Make It a Day On, Not a Day Off: Martin Luther King, Jr.

Stephanie Hamling Life Lessons

During Southern Girl Soapery's seven-plus years in business, I've struggled each year with how to handle certain holidays: Memorial Day, Veterans Day, Independence Day, Labor Day, and more. To slap up an advertisement for a sale doesn't honor the meaning of those days. Many people post inspirational quotes or shocking photos. But I always wonder if those are shared because it's expected or because of true feelings. I suspect the reality is split.

Southern Pride in MLK Jr.

So, I avoid the topic, side-stepping both offense and honor. And that never sits right with my conscience either. Enter Martin Luther King, Jr. Day.

(Martin Luther King, Jr.'s Life in Pictures)

I'm a white, Southern woman. I try to stay thoughtful, be proactive, and keep to my lane when it comes to race. And I fail miserably. Then I try again.

I'm incredibly proud that Martin Luther King, Jr. is a son of the South. Proud of the good he and his legacy have done. And I'm equally ashamed he was killed here for the work that he did. And of how much we still need his vision today.

The Words of Dr. Martin Luther King, Jr.:

That's my version of Southern pride, loving this land because of, in spite of, and with hope for what can be.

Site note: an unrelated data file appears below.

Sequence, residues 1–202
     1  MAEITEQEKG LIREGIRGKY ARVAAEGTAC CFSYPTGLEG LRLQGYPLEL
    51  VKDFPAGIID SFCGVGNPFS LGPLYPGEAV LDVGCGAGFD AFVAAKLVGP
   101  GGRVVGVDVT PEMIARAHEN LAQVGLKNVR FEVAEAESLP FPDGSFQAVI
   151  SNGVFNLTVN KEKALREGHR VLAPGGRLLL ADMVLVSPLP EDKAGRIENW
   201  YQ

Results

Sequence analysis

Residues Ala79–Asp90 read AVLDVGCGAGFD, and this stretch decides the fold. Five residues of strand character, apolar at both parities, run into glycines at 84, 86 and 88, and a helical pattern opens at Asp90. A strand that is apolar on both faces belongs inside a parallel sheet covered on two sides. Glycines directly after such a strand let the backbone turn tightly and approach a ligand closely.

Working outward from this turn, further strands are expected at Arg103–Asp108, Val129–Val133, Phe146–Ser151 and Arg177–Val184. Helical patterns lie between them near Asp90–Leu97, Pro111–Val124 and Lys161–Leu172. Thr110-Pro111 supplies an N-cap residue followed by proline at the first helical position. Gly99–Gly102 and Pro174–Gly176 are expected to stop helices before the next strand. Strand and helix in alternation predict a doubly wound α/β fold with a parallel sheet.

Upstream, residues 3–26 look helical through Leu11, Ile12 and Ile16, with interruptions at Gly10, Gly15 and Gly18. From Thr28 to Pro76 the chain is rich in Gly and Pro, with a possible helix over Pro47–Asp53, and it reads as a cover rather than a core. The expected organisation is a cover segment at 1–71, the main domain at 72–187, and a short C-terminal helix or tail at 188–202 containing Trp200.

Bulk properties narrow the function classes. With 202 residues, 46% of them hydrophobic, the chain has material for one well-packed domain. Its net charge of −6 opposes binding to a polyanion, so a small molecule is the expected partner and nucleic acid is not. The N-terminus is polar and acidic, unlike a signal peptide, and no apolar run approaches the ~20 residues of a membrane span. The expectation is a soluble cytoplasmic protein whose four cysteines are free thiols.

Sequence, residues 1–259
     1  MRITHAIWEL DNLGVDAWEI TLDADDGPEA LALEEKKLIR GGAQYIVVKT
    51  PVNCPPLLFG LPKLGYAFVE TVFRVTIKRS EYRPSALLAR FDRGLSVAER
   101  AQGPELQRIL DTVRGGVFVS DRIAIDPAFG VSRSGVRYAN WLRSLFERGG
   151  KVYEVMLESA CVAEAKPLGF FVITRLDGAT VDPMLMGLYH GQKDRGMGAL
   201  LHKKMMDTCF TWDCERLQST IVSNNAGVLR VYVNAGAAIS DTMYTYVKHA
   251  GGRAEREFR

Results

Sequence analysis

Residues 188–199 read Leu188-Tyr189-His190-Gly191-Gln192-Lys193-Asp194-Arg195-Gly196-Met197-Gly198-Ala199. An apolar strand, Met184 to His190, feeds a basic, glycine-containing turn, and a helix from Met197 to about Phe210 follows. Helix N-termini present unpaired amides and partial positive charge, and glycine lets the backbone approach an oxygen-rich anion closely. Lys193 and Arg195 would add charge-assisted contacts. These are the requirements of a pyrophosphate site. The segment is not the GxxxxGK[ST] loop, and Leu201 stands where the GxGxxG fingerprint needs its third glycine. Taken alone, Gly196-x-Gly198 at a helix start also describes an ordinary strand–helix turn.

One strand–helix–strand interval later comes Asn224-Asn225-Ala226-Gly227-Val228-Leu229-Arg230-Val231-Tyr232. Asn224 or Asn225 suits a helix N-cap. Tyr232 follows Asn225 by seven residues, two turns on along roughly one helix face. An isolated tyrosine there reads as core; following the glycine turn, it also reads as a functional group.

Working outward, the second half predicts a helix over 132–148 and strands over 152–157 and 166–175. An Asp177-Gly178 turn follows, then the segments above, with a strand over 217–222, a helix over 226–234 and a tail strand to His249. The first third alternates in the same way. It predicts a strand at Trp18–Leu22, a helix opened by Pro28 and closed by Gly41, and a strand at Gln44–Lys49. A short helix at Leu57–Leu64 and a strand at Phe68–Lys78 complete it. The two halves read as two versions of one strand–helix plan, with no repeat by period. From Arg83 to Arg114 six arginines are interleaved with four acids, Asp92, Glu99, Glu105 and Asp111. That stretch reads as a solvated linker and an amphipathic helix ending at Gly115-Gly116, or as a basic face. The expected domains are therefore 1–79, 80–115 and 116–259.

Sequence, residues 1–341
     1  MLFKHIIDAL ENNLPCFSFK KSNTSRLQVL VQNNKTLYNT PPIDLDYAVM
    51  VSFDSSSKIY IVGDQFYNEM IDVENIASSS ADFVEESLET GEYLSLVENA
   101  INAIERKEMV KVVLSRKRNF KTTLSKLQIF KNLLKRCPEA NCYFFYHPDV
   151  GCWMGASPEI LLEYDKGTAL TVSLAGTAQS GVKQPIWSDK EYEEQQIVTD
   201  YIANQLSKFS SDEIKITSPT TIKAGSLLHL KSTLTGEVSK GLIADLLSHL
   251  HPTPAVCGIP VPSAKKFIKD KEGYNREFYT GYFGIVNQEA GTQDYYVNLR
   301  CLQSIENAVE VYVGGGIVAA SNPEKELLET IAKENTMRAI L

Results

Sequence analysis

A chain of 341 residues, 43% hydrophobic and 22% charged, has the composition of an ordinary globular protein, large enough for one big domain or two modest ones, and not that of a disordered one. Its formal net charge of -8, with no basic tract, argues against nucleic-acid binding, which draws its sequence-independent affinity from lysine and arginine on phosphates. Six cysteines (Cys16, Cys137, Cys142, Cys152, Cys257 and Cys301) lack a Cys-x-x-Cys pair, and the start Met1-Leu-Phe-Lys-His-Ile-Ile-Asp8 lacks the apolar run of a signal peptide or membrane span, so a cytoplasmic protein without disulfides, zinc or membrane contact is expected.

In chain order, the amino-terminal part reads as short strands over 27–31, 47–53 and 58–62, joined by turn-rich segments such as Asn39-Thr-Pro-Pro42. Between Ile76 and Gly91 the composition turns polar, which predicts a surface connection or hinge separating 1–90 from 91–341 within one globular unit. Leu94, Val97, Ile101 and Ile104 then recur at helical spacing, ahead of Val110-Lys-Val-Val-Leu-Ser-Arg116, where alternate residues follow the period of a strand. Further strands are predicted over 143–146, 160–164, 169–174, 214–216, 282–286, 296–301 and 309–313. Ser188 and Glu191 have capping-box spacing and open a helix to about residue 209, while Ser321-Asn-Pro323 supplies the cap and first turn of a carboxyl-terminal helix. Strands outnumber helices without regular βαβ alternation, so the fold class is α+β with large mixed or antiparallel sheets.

March on Washington Commemoration

(Learn More at The King Center)

King's birthday became a federal holiday in 1983, about 15 years after his murder. We will observe the holiday on January 20 this year, imperfectly and with hope.

In just about every article written about the day, the call is made to "Make it a day on, not a day off"...a day of service. That's fitting, isn't it? To be inspired to make every day count in honor of a life wider than it was long.

I will be donating 10% of all product sales (minus shipping costs) on Southern Girl Soapery's web store on January 20th to the Southern Center for Human Rights in honor of Dr. Martin Luther King, Jr.'s legacy. Shop now!

 



Older Post Newer Post


Leave a comment

Please note, comments must be approved before they are published